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Marylander died, two others were sickened last year in ongoing listeria outbreak linked to deli meat and cheese

This 2002 electron microscope image made available by the Centers for Disease Control and Prevention shows a Listeria monocytogenes bacterium, responsible for the food-borne illness listeriosis. On Wednesday, Nov. 9, 2022, U.S. health officials said at least one death and a pregnancy loss are tied to an outbreak of listeria food poisoning associated with sliced deli meats and cheeses that has sickened 16 people in six states, including 13 who were hospitalized.

The Centers for Disease Control and Prevention continues to investigate an outbreak of listeria that infected three people in Maryland in October 2021, including one who died.

Health officials are still investigating an outbreak of the illness caused by eating food contaminated with bacterium Listeria monocytogenes, which the CDC estimates to be the third-leading cause of food poisoning in the United States.

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Across six states, at least 16 people became sick in an outbreak that has hospitalized 13 patients, caused one to lose a pregnancy and killed a Maryland resident. All three of the Maryland cases date back to October 2021, said Chase Cook, a spokesperson for the Maryland Department of Health.

No new related listeria cases have been found in Maryland since 2021, Cook said in a statement. The state health department continues to monitor the issue.

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The CDC warned Wednesday that more people were likely infected, as most people recover without seeking treatment and being tested. The current counts might also exclude people who became sick recently because it takes up to a month for officials to determine whether someone was part of an outbreak.

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Data collected between April 2021 and September 2022 by state officials, the CDC, the U.S. Department of Agriculture and the U.S. Food and Drug Administration has shown that meat and cheese from deli counters made people ill. Specific products or delis where the contamination originated have not yet been identified, but it is likely that a food product introduced the bacteria into delis in different states.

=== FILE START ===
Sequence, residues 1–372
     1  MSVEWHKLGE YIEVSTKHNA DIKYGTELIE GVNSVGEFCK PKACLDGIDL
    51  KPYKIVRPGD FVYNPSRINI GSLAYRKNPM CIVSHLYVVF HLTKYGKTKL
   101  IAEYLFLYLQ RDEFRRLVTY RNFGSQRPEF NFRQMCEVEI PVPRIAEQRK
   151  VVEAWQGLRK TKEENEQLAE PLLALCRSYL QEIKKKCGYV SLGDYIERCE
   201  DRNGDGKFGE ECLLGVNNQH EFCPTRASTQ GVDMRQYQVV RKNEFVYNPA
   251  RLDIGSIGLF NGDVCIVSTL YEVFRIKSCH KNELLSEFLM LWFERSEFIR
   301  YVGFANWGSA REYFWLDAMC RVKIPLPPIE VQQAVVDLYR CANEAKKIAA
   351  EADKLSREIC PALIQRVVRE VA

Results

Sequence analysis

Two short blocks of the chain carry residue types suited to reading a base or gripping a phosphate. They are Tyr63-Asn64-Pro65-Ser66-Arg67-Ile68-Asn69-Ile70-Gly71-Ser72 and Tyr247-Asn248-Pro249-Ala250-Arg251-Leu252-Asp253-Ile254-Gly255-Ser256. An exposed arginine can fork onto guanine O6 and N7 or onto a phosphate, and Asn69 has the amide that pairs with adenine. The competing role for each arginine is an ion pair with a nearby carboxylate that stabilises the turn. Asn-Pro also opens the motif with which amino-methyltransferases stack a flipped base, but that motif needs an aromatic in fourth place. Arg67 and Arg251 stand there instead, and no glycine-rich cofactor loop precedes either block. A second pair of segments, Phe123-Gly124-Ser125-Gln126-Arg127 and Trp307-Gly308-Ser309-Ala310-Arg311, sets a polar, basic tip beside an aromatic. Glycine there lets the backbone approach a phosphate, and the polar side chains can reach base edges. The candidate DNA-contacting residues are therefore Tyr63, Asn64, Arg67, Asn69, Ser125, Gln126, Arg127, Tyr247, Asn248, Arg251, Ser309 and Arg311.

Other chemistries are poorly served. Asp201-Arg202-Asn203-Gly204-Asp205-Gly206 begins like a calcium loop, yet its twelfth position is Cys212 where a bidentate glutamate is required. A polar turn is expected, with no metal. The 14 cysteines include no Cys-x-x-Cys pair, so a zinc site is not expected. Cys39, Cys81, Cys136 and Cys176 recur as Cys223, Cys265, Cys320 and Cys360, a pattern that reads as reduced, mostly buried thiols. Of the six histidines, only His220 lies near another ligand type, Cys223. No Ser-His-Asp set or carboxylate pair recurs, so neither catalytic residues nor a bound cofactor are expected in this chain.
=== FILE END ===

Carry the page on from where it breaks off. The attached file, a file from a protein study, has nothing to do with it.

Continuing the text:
The CDC advises people at a higher risk of severe listeria illness — a group that includes pregnant people, adults 65 or older and anyone with a weakened immune system — to avoid eating meat or cheese from a deli counter unless “steaming hot” or reheated to 165 degrees. The agency also says people should clean their refrigerators, containers and any surfaces that might have touched meat or cheese from a deli.

Although many people might experience only mild food poisoning symptoms after being infected with listeria, some might develop severe illness, when the infection spreads beyond the gut to other body parts.

Most cases of severe illness require hospitalization, the CDC says. Every year, about 260 people die from listeria and about 1,600 fall ill.

Anyone who displays symptoms of severe listeria illness after eating deli meat or cheese should call a health care provider immediately, the CDC advises.

Symptoms for people who are not pregnant include headache, stiff neck, confusion, loss of balance, convulsions, fever and muscle aches, while pregnant people might experience only fever, fatigue and muscle aches. Listeria poses a threat to newborns and can cause pregnancy loss or premature birth.

In cases of severe illness, symptoms typically begin two weeks after eating listeria-contaminated food, but they could begin as soon as the same day or as late as 10 weeks after exposure.

For the record

A previous version of this story incorrectly implied that the Maryland listeria cases occurred this year. The Sun regrets the error.


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